It’s common knowledge that the average person requires a good night’s sleep to reach optimum health. Study after study has proven that a healthy sleep schedule allows for a sharper mind, increased energy, a healthier body, and more stability with emotions and mood. However, not every person is created equal and needs can vary across certain groups.
Athletes are a different animal. They eat, sleep and breathe physical fitness and performance. As a result, their dietary and sleep needs will need to be adjusted accordingly. If you’re an athlete, you likely have your diet and exercise on lock. But, you may not be getting the quality of sleep that’s required to achieve your personal best.
Sleep plays a vital role in the success of an elite athlete. Areas where sleep can improve include; reaction times, motor function, motivation, focus, stress regulation, muscle recovery, glycogen production, metabolism, memory, injury resilience, resisting illness, and weight stabilization.
Most people require between 7 and 9 hours of sleep to function at the peak of their abilities. Athletes push these peaks and constantly strain their bodies above and beyond common average activity. Therefore, an elite athlete may need even more sleep daily to recover and function at their maximum efficiency.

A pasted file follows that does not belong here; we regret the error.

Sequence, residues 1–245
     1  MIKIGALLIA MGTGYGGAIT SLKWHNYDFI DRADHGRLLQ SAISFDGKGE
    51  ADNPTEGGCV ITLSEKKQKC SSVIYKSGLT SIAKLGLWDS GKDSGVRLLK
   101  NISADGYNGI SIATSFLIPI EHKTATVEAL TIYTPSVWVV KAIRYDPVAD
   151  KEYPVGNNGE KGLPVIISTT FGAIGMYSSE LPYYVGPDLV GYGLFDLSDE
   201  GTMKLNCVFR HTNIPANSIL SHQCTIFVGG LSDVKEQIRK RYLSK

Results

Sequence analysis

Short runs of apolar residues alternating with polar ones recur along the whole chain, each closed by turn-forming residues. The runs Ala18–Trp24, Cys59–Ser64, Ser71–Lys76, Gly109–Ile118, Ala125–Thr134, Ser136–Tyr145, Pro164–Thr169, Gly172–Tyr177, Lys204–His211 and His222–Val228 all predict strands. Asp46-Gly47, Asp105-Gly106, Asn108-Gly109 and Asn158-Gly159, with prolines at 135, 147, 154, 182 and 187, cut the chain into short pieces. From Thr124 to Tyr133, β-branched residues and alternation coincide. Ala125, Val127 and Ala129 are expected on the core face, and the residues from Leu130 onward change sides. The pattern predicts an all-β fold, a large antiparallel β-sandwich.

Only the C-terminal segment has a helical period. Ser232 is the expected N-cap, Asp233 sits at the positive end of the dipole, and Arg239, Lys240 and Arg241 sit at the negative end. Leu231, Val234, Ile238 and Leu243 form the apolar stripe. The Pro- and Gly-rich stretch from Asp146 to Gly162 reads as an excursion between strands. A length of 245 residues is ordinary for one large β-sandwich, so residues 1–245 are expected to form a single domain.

Exercise uses energy, depletes fluids, and breaks down muscle tissue. Being well hydrated and eating smart are only pieces of the puzzle for supporting the physical strain of training at an elite level. How athletes manage the recovery processes in sleep can also determine how quickly their bodies rebuild muscle mass and replenish vital nutrients.
The brain needs time to recover and restore itself just as much as the body does. Sleep sharpens mental acuity and ensures better concentration and more efficient learning and memory building.
A healthy sleep schedule will help maintain endurance, speed, and accuracy, as well as improve split second reaction time, strengthen critical decision making skills, and bolster strategic reasoning.
Sleep contains many stages and processes and a lack of sleep can influence these in very detrimental ways, where as maintaining a consistent and ample sleep regimen will ensure maximum potential.
Cortisol is one of the body’s key stress hormones, released as part of the fight-or-flight response. Cortisol diverts energy from less important functions in the body, such as the reproductive system, and instead focuses on breaking down tissue for fast energy and delivering it as a method of helping to ensure survival when threatened in many different ways.
For a caveman fighting off an approaching tiger, this short burst of energy was very useful. Today, managing the wear and damage associated with these responses are important to lasting physical performance.
Sleep loss can result in elevated cortisol levels the next evening and this can further hinder sleep, and thus further raise cortisol levels. Chronically elevated cortisol levels can lead to dulled mental acuity, memory impairment, and can trigger the body to break down more muscle and store more fat.